• What you're referring to is a sore subject with me, not only in reference to so-called 'AI', but by extension so-called 'self driving/autonomous cars'. People believe the media, and the media has misunderstood these machines they keep referring to as 'AI', and have over-hyped it to the point of being ludicrous -- and people are eating it up. Then there's movies and TV, which show things they refer to as 'AI' (that are human-level fictional AI), and people naturally conflate the fantasy with reality; I'm fir
    • Every sub part of the brain isn't intelligent.

      Many have obvious, easily implementable functions.

      When you read about people with broken brains, you can easily see how mammal intelligence is composed of multiple subsystems. Even chimps and dogs have self awareness, the concept of object permanence, surprise, joy, affection, and some even humor.

      We need to be very careful of A.I. research.

      A successful A.I. could be 500 years away. Or it might happen next year.

      We need things like
      * Power limits with analog unh

    • He's not talking about replacing deep learning, just back-prop. That's the method used for training a network. Hinton thinks that an AI would need to learn without thousands of labeled examples, and back-prop isn't up to the task.
      I hope he's wrong, because replacing back-prop would be a real son of a bitch.
  • In 1986, Geoffrey Hinton co-authored a paper that, four decades later,

    I'm not ready for 2026 yet!

  • Back propagation is used setup a translation between features and results with the least cost. The problem is some features have more importance than other features, this is where the optimization in the learning process can be done. During the learning process if features that have more importance are given higher importance then the learning will be faster and require less resources. This is where cluster analysis comes in, by optimizing the clusters to achieve the desired results self learning can be ac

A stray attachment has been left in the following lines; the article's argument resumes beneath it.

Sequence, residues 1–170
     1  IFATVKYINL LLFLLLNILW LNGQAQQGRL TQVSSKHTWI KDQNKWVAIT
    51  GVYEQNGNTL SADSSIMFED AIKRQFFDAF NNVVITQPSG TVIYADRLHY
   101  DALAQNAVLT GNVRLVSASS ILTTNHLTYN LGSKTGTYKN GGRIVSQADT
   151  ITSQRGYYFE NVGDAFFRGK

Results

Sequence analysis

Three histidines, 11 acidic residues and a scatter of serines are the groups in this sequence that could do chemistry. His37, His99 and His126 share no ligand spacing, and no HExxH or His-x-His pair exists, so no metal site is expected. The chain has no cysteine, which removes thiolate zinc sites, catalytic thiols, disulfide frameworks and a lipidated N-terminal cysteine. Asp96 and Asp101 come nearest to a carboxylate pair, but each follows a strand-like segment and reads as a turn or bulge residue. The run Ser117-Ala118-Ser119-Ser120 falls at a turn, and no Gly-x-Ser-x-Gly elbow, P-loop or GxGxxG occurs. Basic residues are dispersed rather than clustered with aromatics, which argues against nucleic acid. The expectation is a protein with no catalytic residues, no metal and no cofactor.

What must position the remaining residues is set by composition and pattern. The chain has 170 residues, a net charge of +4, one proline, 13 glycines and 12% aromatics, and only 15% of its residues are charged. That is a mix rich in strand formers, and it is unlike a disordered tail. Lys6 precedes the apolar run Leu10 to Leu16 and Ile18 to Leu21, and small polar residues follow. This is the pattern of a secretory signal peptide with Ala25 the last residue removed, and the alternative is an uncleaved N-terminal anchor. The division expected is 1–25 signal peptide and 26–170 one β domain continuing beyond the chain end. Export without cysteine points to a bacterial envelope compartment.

• Because I Solved Diffie-Helman Exchange For Catalytic Conversion: https://pastebin.com/ZVvLYYiV [pastebin.com]

  • Hebb showed us the way forward right from the start, yet we still managed to get stuck with backpropagation and perceptrons time and fucking time again.

  • "The future depends on some graduate student who is deeply suspicious of everything I have said."

    ...he will be an aggressively creative male. Oh, wait a minute, he couldn't get a seat. Well, never mind.

  • But, as Vernor Vinge pointed out in one of his stories (True Names - 1981), who says it needs to run in real time?

    Maybe we're aiming to high right now. We want to simulate what we're capable of doing, at the same speed that we can do it. Why?

    We talk about mapping the neurons in a worm, and replacing the worms brain with silicon to see if it can still act like a worm. Simulate the rest of the darn worm, and it's environment, and see what happens instead.

    If it takes weeks or months of processing to give a